Tattoo meanings are frequently personal and applied by the wearer. Polynesian tattoo meanings are no different with meanings varying widely by culture.
It is impossible to consider the history of body art without stopping to consider Polynesian tattoos. Tattooing is an integral part of the culture of each Polynesian island, and many of the tattoos seen today have roots in the islands.
Each one of the Polynesian islands has a different culture and reason for tattoos, making Polynesian tattoo meanings both varied and similar across regions. These include: Samoa, Easter Island, Tonga, The Cook Islands, Tahiti, The Marquesa Islands, Hawaii, New Zealand.
While each one of the Polynesian islands has its own reasons, customs and meanings to attach to their tattoos, there are some similarities between them as well. These can include the meanings of: Courage, Rite of passage, Rank, Sexual attractiveness, A talisman.
To truly understand the nuances of Polynesian tattoo meanings, you’ll need to look closer at each particular heritage.
Tattoos given in Easter Island were thought to make the skin sacred. This in turn allowed the wearer to communicate more closely with the gods. Therefore tattoos themselves were often stylized versions of what the wearer wanted sway or to have control over including turtles, boats, spears and birds.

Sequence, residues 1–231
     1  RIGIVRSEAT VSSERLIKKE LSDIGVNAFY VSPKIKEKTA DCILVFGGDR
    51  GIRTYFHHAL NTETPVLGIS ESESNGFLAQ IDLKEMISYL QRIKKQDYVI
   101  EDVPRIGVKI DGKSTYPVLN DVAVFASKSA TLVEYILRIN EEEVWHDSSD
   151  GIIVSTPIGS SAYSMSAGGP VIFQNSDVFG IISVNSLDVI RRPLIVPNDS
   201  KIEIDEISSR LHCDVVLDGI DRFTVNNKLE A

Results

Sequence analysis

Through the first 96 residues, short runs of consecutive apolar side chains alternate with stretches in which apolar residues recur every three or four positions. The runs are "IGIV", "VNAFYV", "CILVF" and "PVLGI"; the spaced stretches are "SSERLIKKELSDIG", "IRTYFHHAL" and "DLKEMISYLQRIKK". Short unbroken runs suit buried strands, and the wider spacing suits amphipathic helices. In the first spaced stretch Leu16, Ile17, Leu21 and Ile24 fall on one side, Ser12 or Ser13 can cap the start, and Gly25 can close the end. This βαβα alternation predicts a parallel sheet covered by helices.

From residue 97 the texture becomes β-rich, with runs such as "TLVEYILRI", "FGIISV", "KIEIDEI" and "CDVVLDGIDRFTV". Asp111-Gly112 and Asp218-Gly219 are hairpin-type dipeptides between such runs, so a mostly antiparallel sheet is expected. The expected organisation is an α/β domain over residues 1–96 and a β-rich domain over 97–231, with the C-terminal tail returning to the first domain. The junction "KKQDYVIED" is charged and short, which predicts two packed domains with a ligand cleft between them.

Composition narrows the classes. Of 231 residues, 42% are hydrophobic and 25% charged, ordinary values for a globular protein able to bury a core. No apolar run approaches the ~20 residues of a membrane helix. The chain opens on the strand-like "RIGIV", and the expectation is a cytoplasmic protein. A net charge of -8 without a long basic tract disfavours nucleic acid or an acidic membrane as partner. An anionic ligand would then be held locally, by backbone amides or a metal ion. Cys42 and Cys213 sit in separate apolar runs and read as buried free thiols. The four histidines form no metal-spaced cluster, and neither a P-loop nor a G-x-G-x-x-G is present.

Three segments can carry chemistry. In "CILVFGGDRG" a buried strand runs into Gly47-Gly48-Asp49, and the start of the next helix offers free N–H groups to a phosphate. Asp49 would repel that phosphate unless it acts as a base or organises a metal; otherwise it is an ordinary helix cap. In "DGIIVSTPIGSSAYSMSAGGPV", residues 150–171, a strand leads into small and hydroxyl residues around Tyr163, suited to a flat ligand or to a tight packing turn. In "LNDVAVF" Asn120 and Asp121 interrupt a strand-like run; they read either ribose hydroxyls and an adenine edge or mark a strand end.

Tattoos indigenous to the Cook Islands frequently included the symbol that connected the wearer to his or her tribe.
In Tahiti, tattoos were typically given only to those of the upper classes. A tattoo may be given to mark passage through life, and while frequently displayed all over the body, few were ever found on the face.
The Marquesa Islands
Tattooing was an incredibly integral part of life in the Marquesa Islands. Tattoos were worn for appearance enhancing purposes, to make one appear more attractive to a mate, for social purposes and to mark the passage of time through life.
Hawaiian Tattoos are often thought to be the most personal of the Polynesian tattoos. A Hawaiian tattoo may mean personal identification or simply adornment on the wearer. Tattoos in Hawaii were also thought to provide protection, and were frequently worn in honor of a loved one who had passed.
The distinctive spirals of the Mori tattoos of New Zealand are a show of strength, courage, passion and social status. The complete tattoos may take years to complete and a ritual is created for each wearer in which they add to the designs with each new rank or passage in life.
Like all tattoos worn today, Polynesian inspired tattoos are sported by those who both embrace their tradition and history and those who bring their own meaning to them. Whether you enjoy the rich culture of the Polynesian islands and wish to honor them with a tattoo of your own, or you enjoy the appearance of these traditional tattoos and want one for your own reasons, each wearer of any tattoo creates his own meaning. Look closer into the meaning of Polynesian tattoos to help discover the history of the art of tattoos, and bring your own tattoo journey into greater clarity.